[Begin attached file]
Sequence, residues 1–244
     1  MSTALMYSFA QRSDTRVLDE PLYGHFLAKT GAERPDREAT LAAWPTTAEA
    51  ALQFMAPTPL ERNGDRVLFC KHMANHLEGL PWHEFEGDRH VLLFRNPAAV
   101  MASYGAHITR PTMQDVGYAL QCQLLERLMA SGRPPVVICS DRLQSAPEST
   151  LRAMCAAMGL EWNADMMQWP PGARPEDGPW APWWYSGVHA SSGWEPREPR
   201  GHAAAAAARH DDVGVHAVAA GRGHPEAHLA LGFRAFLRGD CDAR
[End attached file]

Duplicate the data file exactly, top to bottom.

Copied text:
Sequence, residues 1–244
     1  MSTALMYSFA QRSDTRVLDE PLYGHFLAKT GAERPDREAT LAAWPTTAEA
    51  ALQFMAPTPL ERNGDRVLFC KHMANHLEGL PWHEFEGDRH VLLFRNPAAV
   101  MASYGAHITR PTMQDVGYAL QCQLLERLMA SGRPPVVICS DRLQSAPEST
   151  LRAMCAAMGL EWNADMMQWP PGARPEDGPW APWWYSGVHA SSGWEPREPR
   201  GHAAAAAARH DDVGVHAVAA GRGHPEAHLA LGFRAFLRGD CDAR